As someone who is used to a 'real' manual focus camera, I find the implementation in the S9500 next to impossible to use. IMHO this has nothing to do with the fact that it is 'fly-by-wire'. I earn my crust from creating control systems and it is not difficult to make a better one than this. If I turn the focus ring slowly I can hear and see the focus change in fits and bursts. Instead of simply controlling the motor, it seems like the ring is changing the camera's notion of focus point. It then factors in other things like the zoom position before it drives the motor. Errors in various approximations and the maths cause the erratic motor movement. C'mon Fuji, this is a bad implementation and it really needs to be sorted before you can claim that the S9500 is a manual focus camera.
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Old Feb 26, 2006, 6:04 PM   #17
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altis wrote:
Quote:
I am of the opinion that something very strange goes on with manual focussing. I've moaned about it before over here:
http://forums.dpreview.com/forums/re...hread=16999778

Yes, I know the focus changes as you zoom BUT when you zoom in manual focus mode, you can hear and actually see the focus motor trying to compensate for this. Obviously it simply makes an approximation based on the change of focal length. It appears that errors are introduced by this approximation and, when you zoom back, these errors are *not* lost.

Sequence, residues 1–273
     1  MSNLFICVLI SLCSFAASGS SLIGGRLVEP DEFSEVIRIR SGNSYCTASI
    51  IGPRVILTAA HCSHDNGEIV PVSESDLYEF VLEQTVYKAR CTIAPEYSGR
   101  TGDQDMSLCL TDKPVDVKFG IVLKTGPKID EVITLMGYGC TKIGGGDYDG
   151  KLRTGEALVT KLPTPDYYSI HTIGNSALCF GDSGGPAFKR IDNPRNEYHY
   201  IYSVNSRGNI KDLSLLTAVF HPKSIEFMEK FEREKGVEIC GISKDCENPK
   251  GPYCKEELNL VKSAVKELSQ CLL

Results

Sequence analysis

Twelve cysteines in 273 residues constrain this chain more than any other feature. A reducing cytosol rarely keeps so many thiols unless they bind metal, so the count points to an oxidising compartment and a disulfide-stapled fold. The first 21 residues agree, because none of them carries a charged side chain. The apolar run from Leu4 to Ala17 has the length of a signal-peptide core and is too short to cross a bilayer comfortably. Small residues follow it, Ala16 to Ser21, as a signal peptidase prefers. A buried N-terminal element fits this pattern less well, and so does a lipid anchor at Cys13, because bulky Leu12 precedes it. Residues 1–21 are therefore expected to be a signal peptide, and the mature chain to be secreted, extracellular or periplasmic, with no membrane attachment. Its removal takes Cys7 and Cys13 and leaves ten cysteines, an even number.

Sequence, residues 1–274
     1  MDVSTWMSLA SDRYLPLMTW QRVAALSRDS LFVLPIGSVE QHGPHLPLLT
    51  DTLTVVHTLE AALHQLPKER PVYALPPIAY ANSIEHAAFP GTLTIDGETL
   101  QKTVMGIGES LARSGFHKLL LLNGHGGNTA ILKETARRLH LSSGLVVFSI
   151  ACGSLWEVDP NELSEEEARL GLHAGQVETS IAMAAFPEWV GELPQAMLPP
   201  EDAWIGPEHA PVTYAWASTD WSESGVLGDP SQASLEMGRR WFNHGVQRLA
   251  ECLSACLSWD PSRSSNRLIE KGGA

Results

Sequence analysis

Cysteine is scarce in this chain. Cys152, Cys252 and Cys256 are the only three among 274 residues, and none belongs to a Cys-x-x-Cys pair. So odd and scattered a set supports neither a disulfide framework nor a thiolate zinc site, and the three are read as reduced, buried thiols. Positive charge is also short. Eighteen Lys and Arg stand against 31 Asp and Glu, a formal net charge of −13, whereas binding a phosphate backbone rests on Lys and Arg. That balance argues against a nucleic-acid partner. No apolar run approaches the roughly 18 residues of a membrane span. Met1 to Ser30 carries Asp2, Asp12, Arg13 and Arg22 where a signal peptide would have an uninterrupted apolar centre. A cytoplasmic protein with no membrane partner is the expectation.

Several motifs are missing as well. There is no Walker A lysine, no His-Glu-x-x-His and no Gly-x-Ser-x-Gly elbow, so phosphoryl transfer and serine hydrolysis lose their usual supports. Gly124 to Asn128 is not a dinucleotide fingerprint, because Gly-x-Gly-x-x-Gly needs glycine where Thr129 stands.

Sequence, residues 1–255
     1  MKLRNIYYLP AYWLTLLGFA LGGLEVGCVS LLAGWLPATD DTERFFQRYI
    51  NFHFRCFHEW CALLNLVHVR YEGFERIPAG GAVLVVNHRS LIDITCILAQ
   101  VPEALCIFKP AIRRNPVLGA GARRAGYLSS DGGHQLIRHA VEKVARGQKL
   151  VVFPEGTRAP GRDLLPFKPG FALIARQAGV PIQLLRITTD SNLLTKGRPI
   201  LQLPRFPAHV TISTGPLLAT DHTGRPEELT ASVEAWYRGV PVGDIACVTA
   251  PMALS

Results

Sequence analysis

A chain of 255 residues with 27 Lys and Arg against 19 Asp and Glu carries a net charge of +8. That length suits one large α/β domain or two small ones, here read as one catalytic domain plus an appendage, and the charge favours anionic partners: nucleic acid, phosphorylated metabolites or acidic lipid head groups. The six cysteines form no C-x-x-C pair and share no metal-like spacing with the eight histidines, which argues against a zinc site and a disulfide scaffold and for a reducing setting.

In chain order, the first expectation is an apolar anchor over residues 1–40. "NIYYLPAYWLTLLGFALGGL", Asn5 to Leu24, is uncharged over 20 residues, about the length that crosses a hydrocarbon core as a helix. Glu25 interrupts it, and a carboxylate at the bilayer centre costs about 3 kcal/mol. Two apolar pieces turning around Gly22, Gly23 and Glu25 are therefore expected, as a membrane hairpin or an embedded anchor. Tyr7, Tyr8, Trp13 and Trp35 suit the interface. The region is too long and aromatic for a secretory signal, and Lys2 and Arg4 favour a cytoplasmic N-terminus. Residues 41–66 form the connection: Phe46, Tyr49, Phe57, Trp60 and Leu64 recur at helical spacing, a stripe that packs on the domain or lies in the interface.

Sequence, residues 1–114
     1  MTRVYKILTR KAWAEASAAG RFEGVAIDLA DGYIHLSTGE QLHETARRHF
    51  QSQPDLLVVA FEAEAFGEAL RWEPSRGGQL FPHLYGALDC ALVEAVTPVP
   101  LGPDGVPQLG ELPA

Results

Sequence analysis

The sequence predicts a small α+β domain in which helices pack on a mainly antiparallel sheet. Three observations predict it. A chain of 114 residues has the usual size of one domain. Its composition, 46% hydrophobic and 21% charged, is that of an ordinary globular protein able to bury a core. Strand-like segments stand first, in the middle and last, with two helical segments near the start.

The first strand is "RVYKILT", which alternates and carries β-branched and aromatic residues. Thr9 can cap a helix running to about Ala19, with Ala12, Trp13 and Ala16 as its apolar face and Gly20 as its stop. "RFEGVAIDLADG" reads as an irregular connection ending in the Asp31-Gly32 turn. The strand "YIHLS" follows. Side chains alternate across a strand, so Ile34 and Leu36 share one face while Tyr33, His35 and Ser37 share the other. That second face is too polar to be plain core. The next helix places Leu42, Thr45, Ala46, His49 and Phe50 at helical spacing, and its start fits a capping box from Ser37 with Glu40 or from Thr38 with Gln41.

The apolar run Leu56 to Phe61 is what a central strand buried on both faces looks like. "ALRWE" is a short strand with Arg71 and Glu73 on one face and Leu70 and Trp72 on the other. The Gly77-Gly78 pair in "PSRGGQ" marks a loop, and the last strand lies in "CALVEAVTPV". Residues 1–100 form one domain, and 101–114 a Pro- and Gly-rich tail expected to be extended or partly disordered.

As someone who is used to a 'real' manual focus camera, I find the implementation in the S9500 next to impossible to use. IMHO this has nothing to do with the fact that it is 'fly-by-wire'. I earn my crust from creating control systems and it is not difficult to make a better one than this. If I turn the focus ring slowly I can hear and see the focus change in fits and bursts. Instead of simply controlling the motor, it seems like the ring is changing the camera's notion of focus point. It then factors in other things like the zoom position before it drives the motor. Errors in various approximations and the maths cause the erratic motor movement. C'mon Fuji, this is a bad implementation and it really needs to be sorted before you can claim that the S9500 is a manual focus camera.
I think you will find that it is the aperture changing and not the focus motor trying to compensate when you zoom.

Sel .......
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Old Feb 26, 2006, 11:03 PM   #18